11 Consideration of the Tire Equipment Loan Program Application for Bulldog Marketing, LLC d.b.a. Bulldog Rubber & Recycling (Tire Recycling Management Fund, FY 2009/10) Approved Staff recommended approval a $2,000,000 loan to finance the purchase of equipment for Bulldog Marketing’s newly started tire recycling facility in Vista, CA. The loan will result in hiring of at least 19 new employees and diversion of 13,000 tons per year of waste tires.

September Meeting Quick Notes

  • E-Waste Update: Since the E-waste recycling program began nearly five years ago, the state recently passed the 700 million pound milestone of covered electronic waste recycled and reclaimed through the system. There are over 60 recyclers and 600 collectors that accumulate materials. Claim work load remains very high for Board staff. Currently, recyclers are allowed to submit claims monthly. Though the number of participants in the system remains stable, there is quite a bit of turnover of collectors leaving and joining the system. The Board only wants to pay for California collected materials, and is holding participants accountable. As a result, those with problems with source documentation sometimes leave or are asked to leave the system. Next year the Board will have the opportunity to adjust payment rates and consumer fees to keep the program solvent. But right now, solvency doesn’t seem to be a problem. The program has increased harvesting of non-covered devices.
  • Model Water Efficient Landscaping: In this time of drought, water-efficient landscape practices can greatly contribute to water conservation, and compost use can play a big role in conserving water when it comes to landscapes. Use of compost in water-efficient landscapes could also assist local jurisdictions in meeting AB 939 diversion goals and assist with climate change by reducing the amount of energy required to pump water for irrigation. Thanks to the dedicated work of Board staff and the Department of Water Resources, the Model Water Efficient Landscape Ordinance has been updated to promote a sustainable landscape through various methods including the use of compost as mulch. The inclusion of compost and mulch and promotion of this Ordinance is one of the CIWMB measures included in the AB 32 Scoping Plan.
  • Wildfires: Board staff consulted with representatives from Placer, Los Angeles and Mendocino regions where major fires occurred during month of September. Staff provided technical expertise to coordinate cleanup and debris removal that occurred because of fires. An emergency waiver to modify hours of the Stonyford Solid Waste Disposal Site was issued in Colusa because firefighters located at a major staging area were generating waste that couldn’t be handled during normal operating hours. Board staff also worked with Placer LEA to provide technical assistance on management of debris ash, structural integrity of concrete foundations, and use of bin programs for disposal following 49 fire. Assisted LEA in preparing emergency waiver to allow for increased daily tonnages to handle debris from fire.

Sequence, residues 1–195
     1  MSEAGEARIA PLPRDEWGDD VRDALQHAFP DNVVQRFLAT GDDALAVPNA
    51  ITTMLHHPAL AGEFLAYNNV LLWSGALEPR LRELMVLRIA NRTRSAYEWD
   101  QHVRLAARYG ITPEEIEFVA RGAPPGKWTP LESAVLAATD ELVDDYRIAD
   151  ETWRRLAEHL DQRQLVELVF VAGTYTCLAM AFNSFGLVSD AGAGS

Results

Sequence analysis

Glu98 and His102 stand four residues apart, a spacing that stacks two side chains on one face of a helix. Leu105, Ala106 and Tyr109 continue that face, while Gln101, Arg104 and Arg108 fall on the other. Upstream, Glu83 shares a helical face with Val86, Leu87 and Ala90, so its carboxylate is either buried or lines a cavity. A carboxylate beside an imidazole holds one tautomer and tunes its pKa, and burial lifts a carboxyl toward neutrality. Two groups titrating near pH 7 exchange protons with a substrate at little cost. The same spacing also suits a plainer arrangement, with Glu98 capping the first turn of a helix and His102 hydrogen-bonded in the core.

• Training: The Board is preparing for its 12th Annual LEA, Tire Enforcement, and CIWMB Training and Technical Course Series. Board staff has been examining how to upgrade training opportunities for its enforcement agencies. To increase value for its training participants, the Board has applied to have its training programs incorporated into continuing education credit through the Department of Public Health for Registered Environmental Health Specialists.

Upcoming Events

See the LEA Training Calendar and Board Events Calendar

Although not currently available, CIWMB will actively work with Department of Public Health to secure Registered Environmental Health Specialist (REHS) continuing education units (CEU) for appropriate CIWMB-sponsored training when the CEUs become available.

This all LEA email summarizing Board actions at this month's Board Meeting was sent on behalf of the LEA Outreach Training Support Branch of the California Integrated Waste Management Board (CIWMB), and Ted Rauh, Director, Waste Compliance and Mitigation Program.

Please note: Past emails and other correspondence are retained for historical purposes. Over time, some information and links on these pages may become dated and/or inaccurate.

Date Released: September 21, 2009
LEA Correspondence,
Melissa Hoover-Hartwick: (916) 341-6813